The latest release under the Lucas name is "Red Tails" or as I will call it here, "DubTales" for the absurd soundtrack that has been accompanying its commercials. During Lucas's interview on "The Daily Show" on Monday night, I saw a side of him that took me off guard: he was forthright rather than pompous. This looked a lot more like the guy who made "American Graffiti" and "A New Hope."
"DubTales" is yet another movie about the Tuskegee Airmen, the brave African American fighter pilots who, against all odds, took to the sky and fought for America during World War II. Lucas has been working on this movie since 1988, and various people, including himself and Samuel L. Jackson, have been slated to direct. Anthony Hemingway is slated to direct a final script written by John Ridley. Anthony is unfortunately not related to Ernest, but Ridley is credited with the story for "Three Kings," one of the best war movies ever made. Perhaps he can bring something original to a story that has been told so many times on film.
|George Lucas and Steven Spielberg raping Indiana Jones (courtesy of South Park).|
The story behind the making of "DubTales" is an interesting story itself. According to Lucas, studios were hesitant to finance a story like this. Studios today largely concentrate on foreign box office, as that is where the real money is. It is no longer just about making movies that will appeal to Middle America, but what will appeal to the rest of the world. Instead of doing careful research, the easiest thing to do in order to break cultural barriers is to make movies that have less emphasis on story, and more emphasis on explosions. This explains the existence of the "Transformers" series.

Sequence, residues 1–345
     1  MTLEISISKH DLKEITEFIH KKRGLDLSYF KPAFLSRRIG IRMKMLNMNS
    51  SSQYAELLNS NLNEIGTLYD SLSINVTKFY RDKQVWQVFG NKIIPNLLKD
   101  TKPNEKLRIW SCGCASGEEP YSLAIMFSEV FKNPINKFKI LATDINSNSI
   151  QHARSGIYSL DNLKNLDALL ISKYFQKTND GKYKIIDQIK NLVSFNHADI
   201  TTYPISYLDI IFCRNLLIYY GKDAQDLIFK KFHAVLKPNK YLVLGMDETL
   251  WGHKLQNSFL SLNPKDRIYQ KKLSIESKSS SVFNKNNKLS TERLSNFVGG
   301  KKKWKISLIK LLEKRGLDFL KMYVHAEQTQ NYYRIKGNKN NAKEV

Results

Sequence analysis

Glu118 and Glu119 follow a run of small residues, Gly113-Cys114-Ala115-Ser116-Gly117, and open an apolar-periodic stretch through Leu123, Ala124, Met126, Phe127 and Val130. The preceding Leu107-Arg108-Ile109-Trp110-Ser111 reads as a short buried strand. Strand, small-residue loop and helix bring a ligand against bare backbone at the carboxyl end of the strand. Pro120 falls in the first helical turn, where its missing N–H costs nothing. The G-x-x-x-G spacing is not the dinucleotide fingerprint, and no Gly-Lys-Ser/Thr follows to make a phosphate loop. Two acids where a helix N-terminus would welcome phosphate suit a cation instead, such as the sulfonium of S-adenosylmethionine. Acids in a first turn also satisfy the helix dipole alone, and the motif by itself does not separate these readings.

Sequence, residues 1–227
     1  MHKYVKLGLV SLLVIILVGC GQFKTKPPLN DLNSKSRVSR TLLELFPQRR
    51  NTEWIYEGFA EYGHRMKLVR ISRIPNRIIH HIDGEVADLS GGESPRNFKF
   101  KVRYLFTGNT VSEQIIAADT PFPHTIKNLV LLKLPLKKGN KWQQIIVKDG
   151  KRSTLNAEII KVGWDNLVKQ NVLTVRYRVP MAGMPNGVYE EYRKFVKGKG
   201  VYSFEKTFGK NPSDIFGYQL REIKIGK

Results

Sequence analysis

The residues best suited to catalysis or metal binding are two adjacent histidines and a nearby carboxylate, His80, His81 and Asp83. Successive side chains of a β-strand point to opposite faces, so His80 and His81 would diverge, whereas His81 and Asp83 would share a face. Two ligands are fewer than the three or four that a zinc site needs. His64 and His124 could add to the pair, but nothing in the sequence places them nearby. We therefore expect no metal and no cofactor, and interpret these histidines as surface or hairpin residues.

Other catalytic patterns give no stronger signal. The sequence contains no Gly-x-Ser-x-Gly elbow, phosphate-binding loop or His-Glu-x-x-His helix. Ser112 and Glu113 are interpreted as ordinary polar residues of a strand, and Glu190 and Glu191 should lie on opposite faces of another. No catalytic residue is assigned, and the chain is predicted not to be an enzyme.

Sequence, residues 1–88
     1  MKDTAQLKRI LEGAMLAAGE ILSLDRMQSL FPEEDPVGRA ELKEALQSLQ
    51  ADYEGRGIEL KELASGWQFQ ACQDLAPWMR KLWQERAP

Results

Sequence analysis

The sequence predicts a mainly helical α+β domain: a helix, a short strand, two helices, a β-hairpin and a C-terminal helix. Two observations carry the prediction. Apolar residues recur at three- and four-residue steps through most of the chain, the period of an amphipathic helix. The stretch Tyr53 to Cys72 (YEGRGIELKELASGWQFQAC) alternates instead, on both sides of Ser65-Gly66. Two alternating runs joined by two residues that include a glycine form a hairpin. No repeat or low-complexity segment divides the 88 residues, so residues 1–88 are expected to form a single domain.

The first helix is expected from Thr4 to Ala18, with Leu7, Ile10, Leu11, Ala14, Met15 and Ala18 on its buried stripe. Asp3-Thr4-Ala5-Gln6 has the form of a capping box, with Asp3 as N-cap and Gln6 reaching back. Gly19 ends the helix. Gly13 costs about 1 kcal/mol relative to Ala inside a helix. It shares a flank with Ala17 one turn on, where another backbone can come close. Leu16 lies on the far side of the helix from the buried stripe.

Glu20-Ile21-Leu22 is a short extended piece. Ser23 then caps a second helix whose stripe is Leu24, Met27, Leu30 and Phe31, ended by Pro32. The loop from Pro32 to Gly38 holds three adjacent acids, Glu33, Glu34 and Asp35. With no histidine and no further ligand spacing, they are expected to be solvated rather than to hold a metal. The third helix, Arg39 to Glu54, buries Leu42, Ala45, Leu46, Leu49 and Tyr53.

So apparently, an inspirational story about African Americans won't sell well overseas. I have never conducted a focus group, and don't know if any were actually conducted to reach this conclusion, but the most perplexing part about this is that even George Lucas can have trouble getting a movie made.
Lucas was not trying to make "DubTales" for a foreign audience. Rather, he is targeting it toward teenage boys, whom he would like to learn more about this momentous story. That explains the Dubstep soundtrack in the trailer. I appreciate his efforts, but adding music like this to a movie about World War II seems wrong. It feels less like finding the right audience and more like pandering. And how could I resist making fun of blatant pandering? Teenage boys should be encouraged to see movies about history, but they should not be the one deciding the way in which they are made.
|This picture has no purpose here, I just think it's funny.|
I believe George Lucas cares more about the movies he makes than he lets on, and I will consider seeing "Red Tails," but never "DubTales."
Watch the Interview Here:
|The Daily Show With Jon Stewart||Mon - Thurs 11p / 10c|